days before, the Worldwide Independent Music Network (WIN) and its sister entity, MERLIN were launched, the latter being the first global rights-licensing agency for the independent music sector. Headed by IMPALA (European music industry trade association of over 3000 independent record companies/labels) and the Association for Independent Music, UK (AIM), WIN has now galvanised support from music independents from around the globe and MIDEM 2007 is where they came to debate issues of music, money, media, rights, technology and of course the majors.

Did Shaggy tune in to some special frequency being transmitted by the independents at MIDEM that allowed him to understand better this business of music and how the game is changing? The reality is that he has lived it. In 2002, when he received the CME Award for Excellence, he said then that given all the accolades he had received, including a Grammy nomination at the time, that award held pride of place in his heart because it was recognition from his own. Five years later, Shaggy has delivered aclear message at the heart of which is building and supporting our own Caribbean music industry. Shaggy knows we don't have a problem with talent (raw material) but the truth is that the value chain (production and
distribution) is controlled externally. Shaggy now understands this and he knows too that he is one of the lucky ones. Artistes like David Rudder, Machel Montano, Kevin Little and a host of Jamaican artists in the early to mid-nineties including Shabba Ranks, all had 'major' deals that some would contend actually set back their careers and by extension the Caribbean music business.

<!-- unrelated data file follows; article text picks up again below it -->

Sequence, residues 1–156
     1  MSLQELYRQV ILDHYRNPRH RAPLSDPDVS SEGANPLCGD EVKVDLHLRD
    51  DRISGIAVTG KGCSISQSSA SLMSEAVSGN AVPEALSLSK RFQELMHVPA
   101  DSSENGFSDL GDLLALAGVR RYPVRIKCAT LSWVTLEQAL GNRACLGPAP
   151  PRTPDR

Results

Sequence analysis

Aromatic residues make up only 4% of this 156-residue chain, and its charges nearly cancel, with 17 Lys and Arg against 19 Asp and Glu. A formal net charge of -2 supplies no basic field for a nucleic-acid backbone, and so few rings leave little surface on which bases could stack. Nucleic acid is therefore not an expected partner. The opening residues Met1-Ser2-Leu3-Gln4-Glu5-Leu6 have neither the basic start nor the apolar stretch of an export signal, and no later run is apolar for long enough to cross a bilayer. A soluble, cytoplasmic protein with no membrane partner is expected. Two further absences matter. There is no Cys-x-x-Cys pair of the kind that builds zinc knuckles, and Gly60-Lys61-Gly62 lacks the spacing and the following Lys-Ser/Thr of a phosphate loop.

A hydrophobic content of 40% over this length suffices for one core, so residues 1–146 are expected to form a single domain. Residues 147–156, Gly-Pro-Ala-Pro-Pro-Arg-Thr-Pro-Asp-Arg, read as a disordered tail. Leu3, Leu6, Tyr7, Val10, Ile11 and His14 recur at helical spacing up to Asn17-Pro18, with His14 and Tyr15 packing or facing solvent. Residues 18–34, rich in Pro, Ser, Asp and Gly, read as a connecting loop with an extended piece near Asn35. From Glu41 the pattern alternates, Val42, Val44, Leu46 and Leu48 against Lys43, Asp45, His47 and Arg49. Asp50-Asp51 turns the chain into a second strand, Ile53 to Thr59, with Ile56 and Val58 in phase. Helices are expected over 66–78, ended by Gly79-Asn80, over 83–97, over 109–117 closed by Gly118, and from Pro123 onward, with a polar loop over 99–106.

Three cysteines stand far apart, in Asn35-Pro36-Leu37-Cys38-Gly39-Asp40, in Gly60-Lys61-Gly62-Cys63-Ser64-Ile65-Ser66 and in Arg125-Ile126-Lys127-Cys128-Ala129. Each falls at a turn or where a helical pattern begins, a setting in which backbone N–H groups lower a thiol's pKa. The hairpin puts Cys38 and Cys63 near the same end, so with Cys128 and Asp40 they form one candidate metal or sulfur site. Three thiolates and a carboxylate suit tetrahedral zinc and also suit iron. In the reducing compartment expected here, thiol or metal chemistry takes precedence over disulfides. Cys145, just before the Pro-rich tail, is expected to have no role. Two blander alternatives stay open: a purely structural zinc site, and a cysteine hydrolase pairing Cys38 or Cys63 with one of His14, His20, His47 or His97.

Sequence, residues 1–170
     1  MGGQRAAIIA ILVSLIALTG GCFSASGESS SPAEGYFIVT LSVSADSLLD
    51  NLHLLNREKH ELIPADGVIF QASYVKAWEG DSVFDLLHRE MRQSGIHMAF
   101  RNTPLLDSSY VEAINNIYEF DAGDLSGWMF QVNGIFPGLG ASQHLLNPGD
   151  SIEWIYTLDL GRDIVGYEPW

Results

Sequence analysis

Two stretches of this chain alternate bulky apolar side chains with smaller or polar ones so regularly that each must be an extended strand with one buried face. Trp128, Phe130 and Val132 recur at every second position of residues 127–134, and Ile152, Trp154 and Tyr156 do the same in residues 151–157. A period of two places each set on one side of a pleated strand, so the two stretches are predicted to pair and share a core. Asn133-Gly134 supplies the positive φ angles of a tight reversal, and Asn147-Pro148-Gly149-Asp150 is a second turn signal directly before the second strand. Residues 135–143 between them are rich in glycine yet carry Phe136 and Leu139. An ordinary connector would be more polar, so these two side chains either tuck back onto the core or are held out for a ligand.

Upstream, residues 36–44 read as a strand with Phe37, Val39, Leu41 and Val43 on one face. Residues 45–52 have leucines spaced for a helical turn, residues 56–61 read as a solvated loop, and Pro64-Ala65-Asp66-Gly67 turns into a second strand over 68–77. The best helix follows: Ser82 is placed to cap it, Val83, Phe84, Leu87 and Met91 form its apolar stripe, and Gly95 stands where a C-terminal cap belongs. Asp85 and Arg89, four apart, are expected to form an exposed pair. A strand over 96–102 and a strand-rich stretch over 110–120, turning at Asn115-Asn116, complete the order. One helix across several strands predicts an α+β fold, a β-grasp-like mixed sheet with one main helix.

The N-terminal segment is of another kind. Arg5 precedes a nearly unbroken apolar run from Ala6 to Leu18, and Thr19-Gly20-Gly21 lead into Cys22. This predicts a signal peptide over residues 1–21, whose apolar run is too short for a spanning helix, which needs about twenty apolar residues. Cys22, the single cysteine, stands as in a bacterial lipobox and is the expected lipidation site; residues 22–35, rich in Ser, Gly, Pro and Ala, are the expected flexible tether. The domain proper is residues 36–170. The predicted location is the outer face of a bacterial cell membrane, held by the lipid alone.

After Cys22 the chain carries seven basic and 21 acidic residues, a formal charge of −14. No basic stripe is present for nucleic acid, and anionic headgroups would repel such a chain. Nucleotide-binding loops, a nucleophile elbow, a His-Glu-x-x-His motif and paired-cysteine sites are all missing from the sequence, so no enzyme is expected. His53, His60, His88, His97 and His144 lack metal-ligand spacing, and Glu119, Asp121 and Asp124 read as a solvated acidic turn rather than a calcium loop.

On the business side, local creative companies have suffered and continue to suffer from a lack of access to financing, fiscal incentives, robust public and trade policy, affordable and accessible bandwidth and a slew of other problems including rampant piracy. Given that we live in a region where shapers of the Caribbean economies and stalwarts of our private sectors are still largely contented with an economic model that economist Lloyd Best describes as the 'mall model' - satellite firms that are huge consumers of foreign exchange attached to off-shore enterprises - as is the case of most Caribbean media houses - which really do not have a life of their own. Shaggy's statements before and during MIDEM 2007 are that more
important to artists and cultural enterprises as a whole. Creative/cultural industries are the new and fashionable economic buzz words in the region, therefore we have to resist our gate keepers moving forward with approaches to building our music, media, film and other creative sectors with models
that are being dismantled elsewhere rapidly and which have never really been in our interest.

When the microphones and lights were switched off finally in the Blue Room, the world had been told by Shaggy that he is in the best place creatively he has ever been. As he told MIDEM Magazine, "I'm now in a better mood. I can also do what I like ? things like MIDEM- without a man in suit saying,
'No, that can't happen.'.." Shaggy's conversation with the media at MIDEM 2007 is a must see for anyone
who wants to know from an artist, a successful one at that, where we in the Caribbean should be heading. And by the way, his stage performance later that evening showed that he continues to be a class act!

Useful references: Midem:; IMPALA:
Eddy Grant:;